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Low and Zero Direct Emission Heating Technologies

September 2023

Electricity can heat buildings directly by powering electric storage heaters and electric boilers or indirectly via heat pumps. 

Heat Pumps

Heat pumps are the key decarbonising technology for buildings. A heat pump is a device that does not rely on fuel combustion and instead uses electricity to provide heat, making it an attractive low carbon alternative to gas and oil boilers. It works similarly to a fridge – except in reverse. There are three main types, which differ in where they source heat from: ground-source, air-source and water-source heat pumps.

Heat pump technologies are mature, readily available on the market, and have already been demonstrated at scale in Europe. Heat pumps are more efficient than other heating systems, exact energy demands will depend on the heat source and the output temperature which varies throughout the year. Despite one kWh of electricity in general being more expensive than one kWh of gas (by a factor of 4-5), the far higher efficiency of heat pumps means the amount of energy needed can be less than a third of that needed by a gas boiler to produce an equivalent amount of heat.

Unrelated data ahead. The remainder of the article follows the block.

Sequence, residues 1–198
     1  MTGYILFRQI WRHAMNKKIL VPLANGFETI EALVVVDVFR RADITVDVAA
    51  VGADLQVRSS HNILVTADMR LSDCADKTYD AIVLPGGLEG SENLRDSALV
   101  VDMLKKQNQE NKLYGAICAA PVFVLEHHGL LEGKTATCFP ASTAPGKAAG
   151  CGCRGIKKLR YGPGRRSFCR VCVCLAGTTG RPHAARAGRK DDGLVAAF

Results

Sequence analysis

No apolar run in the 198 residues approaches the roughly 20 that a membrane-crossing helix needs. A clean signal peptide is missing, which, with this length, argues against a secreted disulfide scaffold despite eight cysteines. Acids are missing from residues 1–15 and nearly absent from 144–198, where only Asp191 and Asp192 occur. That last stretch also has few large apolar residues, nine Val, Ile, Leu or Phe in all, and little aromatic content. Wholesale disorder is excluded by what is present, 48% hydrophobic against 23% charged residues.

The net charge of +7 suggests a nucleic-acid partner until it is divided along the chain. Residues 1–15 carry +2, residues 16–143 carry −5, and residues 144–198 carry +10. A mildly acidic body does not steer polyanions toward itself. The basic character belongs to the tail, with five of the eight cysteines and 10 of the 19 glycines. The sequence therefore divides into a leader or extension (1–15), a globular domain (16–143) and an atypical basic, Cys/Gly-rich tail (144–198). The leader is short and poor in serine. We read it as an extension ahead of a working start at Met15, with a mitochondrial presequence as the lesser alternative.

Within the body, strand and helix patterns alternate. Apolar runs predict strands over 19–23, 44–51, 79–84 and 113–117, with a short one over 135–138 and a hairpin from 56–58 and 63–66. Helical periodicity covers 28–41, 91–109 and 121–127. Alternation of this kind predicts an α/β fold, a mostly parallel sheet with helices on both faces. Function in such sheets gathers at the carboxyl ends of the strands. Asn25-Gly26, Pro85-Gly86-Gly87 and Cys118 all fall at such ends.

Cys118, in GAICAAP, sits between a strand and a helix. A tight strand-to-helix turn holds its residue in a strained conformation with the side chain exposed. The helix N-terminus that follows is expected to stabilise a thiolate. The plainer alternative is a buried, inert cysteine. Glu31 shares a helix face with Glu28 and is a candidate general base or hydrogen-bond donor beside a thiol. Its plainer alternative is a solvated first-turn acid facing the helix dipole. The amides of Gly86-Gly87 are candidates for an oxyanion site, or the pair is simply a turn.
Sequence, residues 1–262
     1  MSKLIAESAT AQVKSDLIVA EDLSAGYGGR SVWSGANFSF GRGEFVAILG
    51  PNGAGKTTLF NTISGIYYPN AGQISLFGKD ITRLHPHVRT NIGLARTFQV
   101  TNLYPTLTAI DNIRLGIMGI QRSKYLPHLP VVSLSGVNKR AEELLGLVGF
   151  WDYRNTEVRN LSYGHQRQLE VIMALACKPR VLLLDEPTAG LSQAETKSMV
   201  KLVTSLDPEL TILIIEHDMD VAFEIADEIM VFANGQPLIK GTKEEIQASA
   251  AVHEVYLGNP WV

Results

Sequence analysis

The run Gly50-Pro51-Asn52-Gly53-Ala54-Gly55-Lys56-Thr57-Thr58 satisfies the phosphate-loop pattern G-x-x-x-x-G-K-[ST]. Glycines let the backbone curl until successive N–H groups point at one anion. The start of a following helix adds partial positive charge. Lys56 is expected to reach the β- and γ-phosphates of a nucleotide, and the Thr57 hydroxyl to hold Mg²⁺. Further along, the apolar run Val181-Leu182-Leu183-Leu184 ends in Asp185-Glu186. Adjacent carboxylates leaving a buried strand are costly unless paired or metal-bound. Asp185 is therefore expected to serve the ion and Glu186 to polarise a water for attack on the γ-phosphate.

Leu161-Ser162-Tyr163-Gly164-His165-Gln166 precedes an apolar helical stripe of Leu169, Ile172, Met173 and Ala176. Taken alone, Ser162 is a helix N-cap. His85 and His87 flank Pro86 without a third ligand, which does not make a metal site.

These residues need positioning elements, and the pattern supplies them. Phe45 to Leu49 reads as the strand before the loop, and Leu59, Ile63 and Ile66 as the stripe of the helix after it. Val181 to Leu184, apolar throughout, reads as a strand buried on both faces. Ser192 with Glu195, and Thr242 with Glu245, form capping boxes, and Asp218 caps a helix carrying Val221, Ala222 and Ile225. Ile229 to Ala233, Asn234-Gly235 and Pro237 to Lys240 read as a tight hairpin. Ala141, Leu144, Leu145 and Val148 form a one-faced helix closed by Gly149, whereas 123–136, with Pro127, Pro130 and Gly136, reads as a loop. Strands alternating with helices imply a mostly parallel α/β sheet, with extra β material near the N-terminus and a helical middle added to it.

Whilst biomass currently dominates renewable heat generation, there has been a steady growth in the heat produced by heat pumps. As of 2021, their total heat output in Scotland was 390 GWh and the total number of installations was 21,000.

Direct Electric Heating

Direct electric heating systems (such as electric panel heaters) use electric energy without any supporting mechanisms, such as heat pumps. They are attractive due to their simplicity and typically lower capital cost compared to a wet system. There is a role for them in buildings with very low heat demand. However, the building will be significantly more expensive to run compared to either a gas boiler or heat pump.  Direct electric also results in higher peak loads and so is not desirable at scale. The use of storage heaters can help to mitigate both factors but in general direct electric should only be considered where heat pumps are not feasible and where the heat demand is low.

Secondary Technologies

Secondary technologies work well in conjunction with primary zero emissions heating systems such as heat pumps to increase operational effectiveness and maximise emission reduction benefits. Examples include solar thermal, micro wind and solar PV electricity generation as well as a variety of storage technologies such as electric batteries, thermal water stores and thermal heat batteries. Solar PV is an addition to, not a substitute for, low-carbon heat; the carbon savings associated with this generation will decline as the national grid decarbonises. Self-generated electricity can however help reduce the running costs associated with a heat pump, by reducing grid consumption.

Read more here:

Low and Zero Direct Emission Heating Technologies National Targets and Key Current (and Expected) Policies


Low and Zero Direct Emission Heating Technologies Resources and Financial Support